These are just a few situations where it pays to have past returns reviewed and possibly amended by a tax professional, but there is a time limit on when you can do so.  For an amended return to result in a refund, it must be filed within three years of when the original return was filed or two years of when the tax was paid, whichever is later.  As of February, 2014, that means that individual income tax returns for 2010, 2011, and 2012 may still be amended to claim an additional refund if one is due.  Taxpayers will no longer be able to amend 2010 returns after April 15, 2014, unless the original returns were placed on extension during the 2010 filing season.  

Categories
Federal Filing Status Income Tax

Married Separately vs Married Jointly

Married taxpayers have the option of filing separate returns (with the status of Married Filing Separately, or MFS) or joint returns (Married Filing Jointly, or MFJ). Taxpayers are often unsure of which filing status will give them the best result, and there’s a common belief that filing separately is better than filing jointly. Under current tax law and in most common situations, the opposite is generally true. Married taxpayers who file joint returns tend to pay the same or less tax than they would if they filed separate returns.

To understand why, it’s important to consider the tax tables for joint and separate filers as well as some of the the special rules that apply to married taxpayers.  The 2013 tax rate tables for married taxpayers filing separately and filing jointly are provided below:

 

 Tax Tables – Joint and Separate

MFS MFJ
Taxable Income Rate Taxable Income Rate
$0 to $8925 10.0% $0 to $17,850 10.0%
$8,926 to $36,250 15.0% $17,851 to $72,500 15.0%
$36,251 to $73,200 25.0% $72,501 to $146,400 25.0%
$73,201 to $111,525 28.0% $146,401 to $223,050 28.0%
$111,526 to $199,175 33.0% $223,051 to $398,350 33.0%
$199,176 to $225,000 35.0% $398,351 to $450,000 35.0%
$225,001 and over 39.6% $450,001 and over 39.6%

The tax brackets for joint filers are twice as wide as the tax brackets for married taxpayers filing separately.  At first glance, it would appear that filing separately is no worse than filing jointly, but that is only true when both spouses would be in the same tax brackets on their separate returns.

 

Filing Status Comparison

The table below compares joint and separate filing status for a married couple where there primary wage earning earns $60,000 and their spouse earns $30,000.  They have no children, no other income, and they are claiming the standard deduction.

Spouse 1 Spouse 2 Total Joint
Income      60,000      30,000      90,000      90,000
Standard deduction      (6,100)      (6,100)    (12,200)    (12,200)
Exemptions      (3,900)      (3,900)      (7,800)      (7,800)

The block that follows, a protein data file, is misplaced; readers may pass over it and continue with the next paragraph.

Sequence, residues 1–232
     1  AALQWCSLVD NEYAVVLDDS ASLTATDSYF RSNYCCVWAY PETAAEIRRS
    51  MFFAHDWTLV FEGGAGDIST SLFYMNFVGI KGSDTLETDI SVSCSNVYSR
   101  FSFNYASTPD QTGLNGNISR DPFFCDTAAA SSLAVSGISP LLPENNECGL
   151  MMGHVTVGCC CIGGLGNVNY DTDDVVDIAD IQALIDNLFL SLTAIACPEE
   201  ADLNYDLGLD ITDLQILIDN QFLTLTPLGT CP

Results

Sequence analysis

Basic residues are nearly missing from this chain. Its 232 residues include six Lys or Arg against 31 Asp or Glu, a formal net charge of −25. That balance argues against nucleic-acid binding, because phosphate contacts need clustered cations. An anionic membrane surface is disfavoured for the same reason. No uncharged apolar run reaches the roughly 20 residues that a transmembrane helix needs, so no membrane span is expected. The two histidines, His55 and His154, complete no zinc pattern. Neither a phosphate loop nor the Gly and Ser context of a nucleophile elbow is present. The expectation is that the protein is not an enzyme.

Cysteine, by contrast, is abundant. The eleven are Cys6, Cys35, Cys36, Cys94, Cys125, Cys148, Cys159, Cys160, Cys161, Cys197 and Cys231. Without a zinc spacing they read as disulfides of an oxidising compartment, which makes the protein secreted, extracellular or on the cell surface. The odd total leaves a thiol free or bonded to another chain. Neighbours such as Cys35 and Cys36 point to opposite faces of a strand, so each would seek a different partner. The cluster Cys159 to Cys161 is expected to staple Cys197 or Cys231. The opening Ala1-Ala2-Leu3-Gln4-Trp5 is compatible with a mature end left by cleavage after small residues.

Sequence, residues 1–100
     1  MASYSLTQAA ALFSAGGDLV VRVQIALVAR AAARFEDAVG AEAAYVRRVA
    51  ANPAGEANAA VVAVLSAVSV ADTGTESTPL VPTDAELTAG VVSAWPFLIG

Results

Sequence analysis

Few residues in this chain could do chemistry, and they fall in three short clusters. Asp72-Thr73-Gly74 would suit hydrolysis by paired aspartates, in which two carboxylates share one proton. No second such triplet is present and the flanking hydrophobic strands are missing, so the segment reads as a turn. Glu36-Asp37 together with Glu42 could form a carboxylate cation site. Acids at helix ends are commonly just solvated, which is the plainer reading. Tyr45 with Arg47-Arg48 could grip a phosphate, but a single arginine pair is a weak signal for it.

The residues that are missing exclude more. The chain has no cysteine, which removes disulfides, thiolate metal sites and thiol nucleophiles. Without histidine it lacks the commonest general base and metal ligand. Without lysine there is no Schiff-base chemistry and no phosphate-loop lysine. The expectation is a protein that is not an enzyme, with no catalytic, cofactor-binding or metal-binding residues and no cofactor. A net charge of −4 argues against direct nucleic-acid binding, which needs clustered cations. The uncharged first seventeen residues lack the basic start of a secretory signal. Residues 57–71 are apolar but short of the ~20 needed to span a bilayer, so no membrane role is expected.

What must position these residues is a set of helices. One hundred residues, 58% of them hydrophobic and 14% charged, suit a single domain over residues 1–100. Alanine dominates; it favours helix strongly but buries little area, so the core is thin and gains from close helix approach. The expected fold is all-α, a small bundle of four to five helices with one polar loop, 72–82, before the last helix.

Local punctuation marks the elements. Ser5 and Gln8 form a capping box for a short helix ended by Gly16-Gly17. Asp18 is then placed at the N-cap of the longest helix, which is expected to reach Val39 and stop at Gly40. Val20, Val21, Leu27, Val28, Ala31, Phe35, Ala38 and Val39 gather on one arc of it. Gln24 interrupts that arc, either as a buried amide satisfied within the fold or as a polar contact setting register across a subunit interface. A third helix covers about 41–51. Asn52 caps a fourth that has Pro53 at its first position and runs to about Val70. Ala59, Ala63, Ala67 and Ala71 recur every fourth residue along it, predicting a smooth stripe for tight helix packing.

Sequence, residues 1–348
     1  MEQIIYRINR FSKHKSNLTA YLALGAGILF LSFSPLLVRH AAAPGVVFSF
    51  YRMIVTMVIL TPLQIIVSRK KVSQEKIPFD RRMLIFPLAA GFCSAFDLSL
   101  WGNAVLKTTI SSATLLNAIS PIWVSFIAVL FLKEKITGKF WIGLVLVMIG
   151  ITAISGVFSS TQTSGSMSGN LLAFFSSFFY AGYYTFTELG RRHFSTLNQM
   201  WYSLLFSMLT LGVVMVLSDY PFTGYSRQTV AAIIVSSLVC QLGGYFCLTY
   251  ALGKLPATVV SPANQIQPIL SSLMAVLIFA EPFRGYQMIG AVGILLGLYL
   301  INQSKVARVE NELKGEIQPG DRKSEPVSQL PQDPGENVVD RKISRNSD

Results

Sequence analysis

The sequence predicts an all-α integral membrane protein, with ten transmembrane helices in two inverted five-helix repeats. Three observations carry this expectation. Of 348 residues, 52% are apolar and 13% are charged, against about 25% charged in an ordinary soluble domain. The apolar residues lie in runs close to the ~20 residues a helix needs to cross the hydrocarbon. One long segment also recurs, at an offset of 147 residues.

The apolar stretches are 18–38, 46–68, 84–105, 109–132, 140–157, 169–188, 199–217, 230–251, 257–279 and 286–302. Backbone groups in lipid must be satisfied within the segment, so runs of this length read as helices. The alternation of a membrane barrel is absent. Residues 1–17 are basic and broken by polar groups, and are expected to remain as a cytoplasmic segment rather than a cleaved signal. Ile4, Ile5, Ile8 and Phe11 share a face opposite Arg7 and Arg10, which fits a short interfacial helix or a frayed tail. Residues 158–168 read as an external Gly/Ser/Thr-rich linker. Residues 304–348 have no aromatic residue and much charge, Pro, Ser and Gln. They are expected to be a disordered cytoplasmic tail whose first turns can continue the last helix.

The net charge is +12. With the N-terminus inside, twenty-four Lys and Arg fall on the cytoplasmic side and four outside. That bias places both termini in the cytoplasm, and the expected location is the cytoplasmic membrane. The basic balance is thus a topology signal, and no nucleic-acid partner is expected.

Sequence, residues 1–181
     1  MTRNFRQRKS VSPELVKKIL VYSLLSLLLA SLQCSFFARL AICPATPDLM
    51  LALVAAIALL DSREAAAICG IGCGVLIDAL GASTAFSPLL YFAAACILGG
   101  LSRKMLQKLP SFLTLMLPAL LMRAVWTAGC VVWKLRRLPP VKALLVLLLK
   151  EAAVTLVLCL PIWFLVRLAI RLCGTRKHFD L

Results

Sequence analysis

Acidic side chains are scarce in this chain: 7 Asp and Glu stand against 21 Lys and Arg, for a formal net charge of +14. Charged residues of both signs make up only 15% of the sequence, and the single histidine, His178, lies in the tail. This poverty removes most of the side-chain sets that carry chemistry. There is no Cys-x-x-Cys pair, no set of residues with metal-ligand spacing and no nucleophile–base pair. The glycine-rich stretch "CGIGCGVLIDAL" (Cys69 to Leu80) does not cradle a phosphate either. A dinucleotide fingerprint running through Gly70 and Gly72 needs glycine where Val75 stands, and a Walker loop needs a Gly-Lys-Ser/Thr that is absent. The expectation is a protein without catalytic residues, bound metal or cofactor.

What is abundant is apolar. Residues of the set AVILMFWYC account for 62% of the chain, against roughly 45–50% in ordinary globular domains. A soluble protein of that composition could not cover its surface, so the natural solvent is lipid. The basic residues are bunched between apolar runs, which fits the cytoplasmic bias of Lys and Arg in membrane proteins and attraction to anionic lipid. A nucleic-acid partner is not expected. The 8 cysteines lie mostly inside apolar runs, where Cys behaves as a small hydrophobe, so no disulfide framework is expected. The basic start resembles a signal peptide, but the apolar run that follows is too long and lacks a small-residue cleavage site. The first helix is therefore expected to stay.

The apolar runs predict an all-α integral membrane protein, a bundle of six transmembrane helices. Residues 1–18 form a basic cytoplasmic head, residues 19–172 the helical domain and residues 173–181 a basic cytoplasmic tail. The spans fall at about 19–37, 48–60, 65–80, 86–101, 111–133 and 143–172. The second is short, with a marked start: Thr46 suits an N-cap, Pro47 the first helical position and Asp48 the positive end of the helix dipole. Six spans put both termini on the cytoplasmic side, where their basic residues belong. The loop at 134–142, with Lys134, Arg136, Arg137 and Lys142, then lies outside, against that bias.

Taxable Income      50,000      20,000      70,000      70,000
Tax         8,429         2,554      10,983         9,608

This is a fairly common scenario, and the married taxpayers are already giving up $1,375 if they file separately rather than jointly.  With a larger difference in incomes between spouses, the difference in tax between the two filing statuses could be $10,000 or more.

Although there are times when filing separately will yield a lower tax, the most common reasons to file separately are not tax related.  Couples who are newly married, or couples who have had a rough patch may have filed separate returns because they simply weren’t comfortable with having merged finances.

Fortunately, married couples who have filed separately in recent years may be able to amend those returns and elect to file jointly instead.  Taxpayers can change from married filing separately to married jointly on an amended return filed within three years of the separate returns’ original due-date.  As of this post, tax returns for 2010, 2011, and 2012 may still be amended and, 2009 returns can be amended if the original returns were filed on extension.

 

 Resources

IRS Filing Status Tool

Form 1040 (Tax Tables), Tax Table and Tax Rate Schedules

photo credit: MTSOfan via photopin cc


Categories
Income Tax Maine

Maine’s Educational Opportunity Tax Credit

The Educational Opportunity Tax Credit (technically the Job Creation through Educational Opportunity Program) is a Maine state income tax credit that offsets the principle and interest  portions of student loan payments made by qualifying borrowers.  Depending on the student’s debt load, the credit may be worth up to $5,900 per year for up to 10 years.  The actual amount of the credit is based on the in-state tuition at Maine’s community colleges or the University of Maine System, but the students can attend any accredited schools in Maine.  Only loans awarded as part of the student’s financial aid package are eligible – outside loans, such as credit cards, home equity loans, or loans from family members do not qualify.

Who Qualifies

The credit is available to students who earn their associates or bachelor’s degrees in Maine and continue to live and work in the state.  Only loans used to pay for course work after January 2008 are eligible for the credit.  Prior to January 1, 2013, all  of the course work since 2008 had to have been completed at a Maine school.  The law was amended in 2011 to allow individuals to transfer to a Maine school after completing up-to 30 credit hours of work outside of Maine to claim half of the credit if they earned an associates degree or 3/4 of the credit if they earned a bachelor’s degree. 

If an employer makes student loan payments for an employee, the employer is then able to claim the tax credit instead.

How to Claim